Studies using alendronate 5 and 10 mg/day p.o. have shown a significant increase in lumbar spine and femoral neck BMD compared with placebo . There were fewer new vertebral fractures in the alendronate groups than in the placebo group and markers of bone turnover decreased significantly in the alendronate groups.
Two 12-month randomized controlled trials have been performed with risedronate (2.5 or 5 mg/day) versus placebo in pre- and post-menopausal women and men aged 18–85, taking an average of 12 to 15 mg of prednisone daily. Significant increases in vertebral and femoral BMD have been observed in the risedronate-treated groups . In both studies, there was a 70% decrease in the relative risk of new vertebral fractures in patients taking 5 mg/day of risedronate compared to placebo. No statistically significant effects on non-vertebral and hip fractures were found in GC users treated with risedronate.
Intravenous ibandronate was shown to decrease the rate of vertebral fractures in an open study on 115 patients with established GIOP. After 3 years, the frequency of new vertebral fractures was significantly lower in the ibandronate group compared to the alfacalcidol group (8.6 vs. 22.8%) .
Intravenous pamidronate was shown to significantly increase BMD at the lumbar spine, femoral neck, and total hip when compared to calcium alone in a randomized, placebo-controlled trial of 32 patients beginning chronic GC therapy .
Intravenous zoledronic acid (5 mg) is more efficient than oral 5 mg/day risedronate to increase lumbar spine BMD from baseline to 12 months in men and women, for both treatment and prevention. A single infusion of zoledronic acid 5 mg suppresses bone turnover (β-CTx, P1NP) significantly more than daily oral risedronate for up to 1 year [116, 117].
Recombinant Human Parathyroid Hormone
In a 12-month, randomized clinical trial in post-menopausal osteoporotic women who were taking GCs and hormone replacement therapy (HRT), a marked improvement of BMD at the vertebral and femoral sites was demonstrated after daily injections of human parathyroid hormone 1–34 (teriparatide) given subcutaneously for 12 months. The BMD gain was maintained during the follow-up period of 12 months off treatment. However, no difference in the fracture rate was found between both groups. In a 18-month randomized, double-blind, controlled trial  comparing teriparatide (20 μg s.c. once daily) with alendronate (10 mg p.o. once daily) in GCs users, the mean BMD increase at the lumbar spine was significantly larger in the teriparatide group than in the alendronate group. New vertebral fractures were less frequent in the teriparatide group than in the alendronate group and the incidence of non-vertebral fractures was similar in the two groups.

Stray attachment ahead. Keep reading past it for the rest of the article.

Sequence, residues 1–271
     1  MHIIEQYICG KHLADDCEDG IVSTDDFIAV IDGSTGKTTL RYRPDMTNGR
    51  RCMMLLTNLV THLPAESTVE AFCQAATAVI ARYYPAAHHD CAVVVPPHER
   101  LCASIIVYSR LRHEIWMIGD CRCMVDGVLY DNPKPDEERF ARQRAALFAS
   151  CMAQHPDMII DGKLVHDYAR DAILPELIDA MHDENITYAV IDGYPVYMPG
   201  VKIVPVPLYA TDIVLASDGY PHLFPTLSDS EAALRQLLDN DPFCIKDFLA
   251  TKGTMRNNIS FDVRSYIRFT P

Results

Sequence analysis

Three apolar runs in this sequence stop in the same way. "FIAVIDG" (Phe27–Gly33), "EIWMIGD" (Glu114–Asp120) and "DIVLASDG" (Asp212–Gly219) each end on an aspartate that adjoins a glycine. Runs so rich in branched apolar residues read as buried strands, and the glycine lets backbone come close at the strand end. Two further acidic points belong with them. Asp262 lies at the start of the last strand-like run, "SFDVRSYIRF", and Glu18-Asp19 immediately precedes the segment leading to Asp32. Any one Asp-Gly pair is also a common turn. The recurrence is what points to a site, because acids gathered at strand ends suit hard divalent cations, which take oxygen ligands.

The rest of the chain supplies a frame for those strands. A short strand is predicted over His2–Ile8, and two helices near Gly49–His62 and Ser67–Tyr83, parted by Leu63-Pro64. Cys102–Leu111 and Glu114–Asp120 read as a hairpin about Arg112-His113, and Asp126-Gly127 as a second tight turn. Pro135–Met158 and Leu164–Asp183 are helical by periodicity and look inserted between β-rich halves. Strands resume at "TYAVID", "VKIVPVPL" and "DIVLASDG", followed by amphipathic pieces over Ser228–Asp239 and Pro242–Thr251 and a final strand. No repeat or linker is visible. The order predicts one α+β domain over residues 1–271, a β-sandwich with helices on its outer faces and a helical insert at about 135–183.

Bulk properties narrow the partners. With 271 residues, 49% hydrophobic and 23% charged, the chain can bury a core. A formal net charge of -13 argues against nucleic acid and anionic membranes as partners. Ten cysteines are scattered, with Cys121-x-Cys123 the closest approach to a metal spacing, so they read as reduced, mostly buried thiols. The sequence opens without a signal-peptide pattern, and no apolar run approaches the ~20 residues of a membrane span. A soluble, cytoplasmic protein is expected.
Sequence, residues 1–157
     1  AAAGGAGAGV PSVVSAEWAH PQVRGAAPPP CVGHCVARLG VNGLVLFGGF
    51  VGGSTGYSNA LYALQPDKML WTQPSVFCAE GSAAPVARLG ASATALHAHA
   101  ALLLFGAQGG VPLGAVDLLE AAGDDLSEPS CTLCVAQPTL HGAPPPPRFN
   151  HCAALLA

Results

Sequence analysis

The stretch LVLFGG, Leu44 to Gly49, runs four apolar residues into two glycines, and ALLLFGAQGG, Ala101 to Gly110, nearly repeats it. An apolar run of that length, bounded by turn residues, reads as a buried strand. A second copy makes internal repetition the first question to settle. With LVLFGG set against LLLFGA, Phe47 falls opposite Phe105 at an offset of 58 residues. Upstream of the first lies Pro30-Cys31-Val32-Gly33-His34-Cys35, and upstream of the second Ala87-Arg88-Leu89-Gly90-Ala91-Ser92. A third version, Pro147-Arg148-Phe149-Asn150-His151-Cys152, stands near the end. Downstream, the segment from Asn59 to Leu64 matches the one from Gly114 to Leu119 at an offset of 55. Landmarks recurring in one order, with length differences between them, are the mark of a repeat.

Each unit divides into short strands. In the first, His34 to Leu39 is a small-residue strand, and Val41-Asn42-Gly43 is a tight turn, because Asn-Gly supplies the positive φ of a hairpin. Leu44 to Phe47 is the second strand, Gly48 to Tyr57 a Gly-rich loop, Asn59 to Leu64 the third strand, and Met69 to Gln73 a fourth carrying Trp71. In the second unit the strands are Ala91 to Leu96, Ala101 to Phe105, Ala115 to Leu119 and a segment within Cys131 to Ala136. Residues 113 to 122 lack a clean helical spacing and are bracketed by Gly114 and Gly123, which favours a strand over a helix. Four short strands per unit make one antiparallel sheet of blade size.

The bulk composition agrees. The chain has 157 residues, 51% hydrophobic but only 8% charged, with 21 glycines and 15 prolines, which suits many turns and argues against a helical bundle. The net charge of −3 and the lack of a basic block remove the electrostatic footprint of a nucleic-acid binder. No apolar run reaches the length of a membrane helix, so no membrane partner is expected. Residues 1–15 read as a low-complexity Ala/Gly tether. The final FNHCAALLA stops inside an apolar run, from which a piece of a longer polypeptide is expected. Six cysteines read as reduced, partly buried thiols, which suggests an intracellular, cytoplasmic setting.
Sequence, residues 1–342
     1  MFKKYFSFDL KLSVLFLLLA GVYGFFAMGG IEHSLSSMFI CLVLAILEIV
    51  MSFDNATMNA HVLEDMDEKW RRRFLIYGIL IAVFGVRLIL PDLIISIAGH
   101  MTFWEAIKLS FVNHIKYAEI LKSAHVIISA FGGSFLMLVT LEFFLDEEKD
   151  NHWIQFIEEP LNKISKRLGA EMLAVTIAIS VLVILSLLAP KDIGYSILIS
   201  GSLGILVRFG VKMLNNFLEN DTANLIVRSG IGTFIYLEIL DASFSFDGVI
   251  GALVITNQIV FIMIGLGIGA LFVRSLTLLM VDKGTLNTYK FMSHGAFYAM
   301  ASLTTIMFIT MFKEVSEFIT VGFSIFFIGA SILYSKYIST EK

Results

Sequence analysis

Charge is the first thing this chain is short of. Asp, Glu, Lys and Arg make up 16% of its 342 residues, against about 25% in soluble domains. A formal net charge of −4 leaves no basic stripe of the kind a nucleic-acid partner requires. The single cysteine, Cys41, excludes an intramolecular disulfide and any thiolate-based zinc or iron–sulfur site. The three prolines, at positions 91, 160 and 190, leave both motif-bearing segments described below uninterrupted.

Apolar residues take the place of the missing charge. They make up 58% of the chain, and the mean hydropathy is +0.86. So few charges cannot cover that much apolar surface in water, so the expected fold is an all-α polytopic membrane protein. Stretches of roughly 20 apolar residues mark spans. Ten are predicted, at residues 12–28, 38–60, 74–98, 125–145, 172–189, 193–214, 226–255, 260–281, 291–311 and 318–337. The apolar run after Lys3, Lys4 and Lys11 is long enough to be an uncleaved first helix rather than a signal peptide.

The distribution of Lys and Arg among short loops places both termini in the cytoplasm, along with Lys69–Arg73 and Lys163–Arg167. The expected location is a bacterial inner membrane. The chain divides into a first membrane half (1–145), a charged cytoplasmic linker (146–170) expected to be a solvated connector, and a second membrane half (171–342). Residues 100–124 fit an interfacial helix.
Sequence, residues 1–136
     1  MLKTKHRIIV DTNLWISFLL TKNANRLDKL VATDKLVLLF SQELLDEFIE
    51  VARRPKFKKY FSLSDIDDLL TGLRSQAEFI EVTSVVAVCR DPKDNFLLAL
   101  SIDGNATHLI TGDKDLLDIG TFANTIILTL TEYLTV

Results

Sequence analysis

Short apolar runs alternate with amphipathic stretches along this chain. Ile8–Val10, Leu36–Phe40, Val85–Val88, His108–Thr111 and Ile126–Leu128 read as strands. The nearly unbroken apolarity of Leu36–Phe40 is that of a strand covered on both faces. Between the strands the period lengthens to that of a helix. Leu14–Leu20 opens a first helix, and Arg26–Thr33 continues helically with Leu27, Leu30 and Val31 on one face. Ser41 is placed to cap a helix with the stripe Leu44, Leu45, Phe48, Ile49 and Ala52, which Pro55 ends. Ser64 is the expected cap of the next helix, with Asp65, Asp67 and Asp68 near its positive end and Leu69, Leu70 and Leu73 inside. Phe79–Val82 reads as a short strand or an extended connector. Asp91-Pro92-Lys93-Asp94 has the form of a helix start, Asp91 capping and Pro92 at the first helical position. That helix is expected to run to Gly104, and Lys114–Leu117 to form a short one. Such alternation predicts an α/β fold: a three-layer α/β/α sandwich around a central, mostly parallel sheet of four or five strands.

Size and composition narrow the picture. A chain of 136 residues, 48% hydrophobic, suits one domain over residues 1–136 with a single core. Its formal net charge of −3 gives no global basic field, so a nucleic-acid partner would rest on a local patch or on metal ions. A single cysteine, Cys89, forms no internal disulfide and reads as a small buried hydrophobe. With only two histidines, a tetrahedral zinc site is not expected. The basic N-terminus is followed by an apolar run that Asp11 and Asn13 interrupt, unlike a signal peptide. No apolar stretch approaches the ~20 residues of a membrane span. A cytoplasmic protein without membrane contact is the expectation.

Hormone Replacement Therapy
The substitution of gonadal sex hormones is mentioned as an option for patients using GCs but there are limited data to support the use of HRT to treat osteoporosis in patients receiving prolonged therapy with GCs. In a subgroup analysis of 42 women from a study of 200 post-menopausal women with rheumatoid arthritis who were receiving low-dose GCs, HRT recipients had a significant increase in lumbar spine BMD relative to controls although femoral neck BMD was not significantly changed in either group . Twelve months of treatment with testosterone injections significantly increased mean lumbar spine BMD by 5% relative to controls in 15 men with asthma receiving GCs .
Several studies have concerned the use of subcutaneous and nasal spray calcitonin in GIOP. None showed a significant decrease in fracture risk after 12–24 months of follow-up. A meta-analysis showed that calcitonin prevented bone loss at the spine and forearm after the first year of therapy, but had no effect on bone loss at the hip. Calcitonin was not statistically different from placebo at preventing fractures of the spine or hip fractures .
Vitamin K2 (menatetrenone) is approved in Japan for both prevention and treatment of osteoporosis. Studies have shown that vitamin K2 reduces vertebral and hip fractures and improves bone quality .
Specific studies in GIOP have not been done yet but effects of denosumab on structural damage, BMD, and bone turnover in rheumatoid arthritis are promising .
Studies with strontium ranelate on GIOP are underway but results have not been presented yet. Data using the selective estrogen receptor modulator raloxifene to treat or prevent GIOP are lacking.
GCs have outstanding therapeutic effects and are some of the most important drugs in clinical use today. Unfortunately, GC therapy is sometimes accompanied by severe and/or irreversible side effects like osteoporosis. The different molecular mechanisms of GC actions are better understood and support a certain number of starting points for the development of optimized and/or new GCs and GC receptor ligands such as selective GC receptor agonists that could improve clinical medicine by demonstrating a better benefit–risk ratio compared with conventional GCs [3, 124, 125]. Abnormalities in bone quality associated with GCs can occur even before deleterious effects on BMD are observed. For this reason, GIOP guidelines differ in the use of BMD criteria to recommend treatment for GC users (the intervention threshold of the Royal College of Physicians is a T score of −1.5  and those of the American College of Rheumatology is a T score of –1 ). Nevertheless, every patient receiving GC therapy should have a bone assessment in order to receive calcium, vitamin D, bisphosphonates, or anabolic agents if necessary.
This study was made possible by grants from the Bioregos “Pays de la Loire” program and INSERM and was also supported by a grant from the French Society for Rheumatology (SFR).